University of Alaska Fairbanks officials say the problems they’ve encountered in getting the $245 million power plant fully operational have pushed the project behind schedule and over budget. But they think they’ve finally worked out most of the bugs, and they’ve come up with a new estimate on when the plant will be online.
Ever since UA President Jim Johnsen and about a hundred others got together last August to celebrate completion of the power plant, UAF officials have offered at least three predictions on when it will be fully operational. But as the commissioning continued and testing revealed additional problems with the new facility, university staff have had to recalculate their estimates.
“The plant has been experiencing a number of minor delays and difficulties as we bring it online – part of the complexities of bringing a large plant online,” Senior Project Manager Mike Ruckhaus said in an interview this week.
Ruckhaus says it’s not unusual to encounter glitches during testing of a new 17-megawatt power plant. He says they’re extremely complicated facilities designed to operate reliably for decades. And he says when problems are identified and fixed during commissioning, the plant’s performance improves, as shown in the most recent test run.
“We just finished a 10-day continuous run, and shut down for a relatively minor problem,” he said.
Ruckhaus says at this late stage of commissioning, each problem must be fixed in order for the testing to continue. He says the contractors now can no longer stop work on one system and go on to another while the problem is being fixed – the so-called workaround that people in the construction industry revert to in order to keep a project moving forward.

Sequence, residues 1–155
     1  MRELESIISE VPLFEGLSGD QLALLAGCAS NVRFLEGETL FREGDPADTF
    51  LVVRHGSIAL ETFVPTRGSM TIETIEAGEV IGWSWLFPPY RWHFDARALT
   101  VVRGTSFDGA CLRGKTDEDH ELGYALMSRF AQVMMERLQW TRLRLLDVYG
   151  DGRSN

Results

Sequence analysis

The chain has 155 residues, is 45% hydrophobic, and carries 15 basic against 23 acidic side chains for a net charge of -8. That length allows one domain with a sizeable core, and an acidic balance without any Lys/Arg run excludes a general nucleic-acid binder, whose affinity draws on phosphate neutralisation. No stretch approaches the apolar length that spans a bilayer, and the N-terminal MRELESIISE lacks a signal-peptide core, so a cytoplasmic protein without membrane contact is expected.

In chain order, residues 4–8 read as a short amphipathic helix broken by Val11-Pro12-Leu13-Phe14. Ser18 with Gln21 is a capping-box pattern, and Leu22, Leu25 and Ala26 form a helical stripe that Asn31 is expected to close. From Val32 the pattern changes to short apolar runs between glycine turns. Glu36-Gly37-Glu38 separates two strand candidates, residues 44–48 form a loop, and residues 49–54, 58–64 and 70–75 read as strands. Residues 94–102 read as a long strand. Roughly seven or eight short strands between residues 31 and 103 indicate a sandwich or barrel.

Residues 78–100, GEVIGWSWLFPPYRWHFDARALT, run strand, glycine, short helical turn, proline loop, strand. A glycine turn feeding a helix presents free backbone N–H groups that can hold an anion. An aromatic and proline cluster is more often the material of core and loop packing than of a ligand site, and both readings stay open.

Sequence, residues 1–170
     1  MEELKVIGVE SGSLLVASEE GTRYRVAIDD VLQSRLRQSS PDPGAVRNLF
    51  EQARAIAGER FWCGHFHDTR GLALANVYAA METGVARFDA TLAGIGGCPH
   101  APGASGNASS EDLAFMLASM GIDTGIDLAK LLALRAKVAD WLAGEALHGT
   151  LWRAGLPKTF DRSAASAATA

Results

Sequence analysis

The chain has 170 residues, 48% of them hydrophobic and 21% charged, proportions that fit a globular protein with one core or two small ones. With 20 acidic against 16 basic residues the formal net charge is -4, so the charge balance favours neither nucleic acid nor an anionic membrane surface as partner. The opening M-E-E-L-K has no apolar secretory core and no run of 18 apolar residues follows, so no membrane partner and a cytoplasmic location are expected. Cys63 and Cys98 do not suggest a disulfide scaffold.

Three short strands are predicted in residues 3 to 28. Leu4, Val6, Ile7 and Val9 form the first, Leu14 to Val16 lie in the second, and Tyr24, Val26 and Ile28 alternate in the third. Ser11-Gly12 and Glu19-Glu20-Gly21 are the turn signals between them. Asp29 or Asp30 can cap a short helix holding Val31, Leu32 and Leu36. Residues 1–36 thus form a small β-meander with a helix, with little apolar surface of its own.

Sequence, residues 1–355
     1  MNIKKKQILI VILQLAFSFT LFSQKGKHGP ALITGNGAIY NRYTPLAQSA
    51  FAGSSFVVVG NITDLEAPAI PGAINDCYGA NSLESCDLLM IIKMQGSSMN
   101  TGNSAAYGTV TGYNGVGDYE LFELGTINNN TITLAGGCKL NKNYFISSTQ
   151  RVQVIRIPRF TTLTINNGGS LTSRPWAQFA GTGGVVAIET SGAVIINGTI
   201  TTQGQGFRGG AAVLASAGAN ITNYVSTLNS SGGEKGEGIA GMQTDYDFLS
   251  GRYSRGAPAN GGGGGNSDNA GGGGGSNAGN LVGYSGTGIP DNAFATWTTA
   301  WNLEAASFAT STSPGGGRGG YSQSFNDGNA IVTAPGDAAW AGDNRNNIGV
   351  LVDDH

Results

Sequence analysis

“At this point in the project, there’s very (few) workarounds,” he said. “We can’t do other work or proceed without solving each individual problem.”
Resorting to workarounds has helped limit the $245 million project’s cost overruns to around 2-million dollars, although a university spokesperson says that number likely will change by the time the project is completed. Likewise, Ruckhaus says it’s hard to estimate a power-plant project’s completion date, especially during commissioning.
“In developing estimates of when we’ll be done doing commissioning, it’s just based on a general understanding of how long things may take,” he said. “It’s very difficult to understand what problems may arise and how long it’ll take to solve them.”
Ruckhaus says a couple of critical tests will be conducted next month, and he’s optimistic that the power plant will perform well.
“We’re preparing for the performance tests and the emissions test, which we hope will be happening in mid-July.”
Ruckhaus says if all indeed goes well, he’s prepared to offer his latest estimate on when the power plant will be online: that is, sometime around the end of July.
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